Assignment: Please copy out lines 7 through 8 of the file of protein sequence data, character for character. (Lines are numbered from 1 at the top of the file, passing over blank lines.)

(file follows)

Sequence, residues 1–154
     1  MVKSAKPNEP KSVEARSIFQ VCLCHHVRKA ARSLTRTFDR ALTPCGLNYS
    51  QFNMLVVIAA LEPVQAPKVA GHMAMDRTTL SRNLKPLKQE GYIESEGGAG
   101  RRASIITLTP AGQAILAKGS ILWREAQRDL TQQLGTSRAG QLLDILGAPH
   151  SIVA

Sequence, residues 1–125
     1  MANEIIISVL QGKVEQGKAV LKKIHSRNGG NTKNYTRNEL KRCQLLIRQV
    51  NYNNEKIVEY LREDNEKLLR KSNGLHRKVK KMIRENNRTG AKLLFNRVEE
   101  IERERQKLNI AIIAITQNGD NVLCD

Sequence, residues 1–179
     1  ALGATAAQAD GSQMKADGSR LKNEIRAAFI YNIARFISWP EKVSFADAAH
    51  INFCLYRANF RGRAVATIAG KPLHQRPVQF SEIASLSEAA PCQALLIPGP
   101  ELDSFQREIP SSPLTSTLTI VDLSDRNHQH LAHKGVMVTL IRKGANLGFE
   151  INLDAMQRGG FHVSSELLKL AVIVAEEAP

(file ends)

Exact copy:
     1  MANEIIISVL QGKVEQGKAV LKKIHSRNGG NTKNYTRNEL KRCQLLIRQV
    51  NYNNEKIVEY LREDNEKLLR KSNGLHRKVK KMIRENNRTG AKLLFNRVEE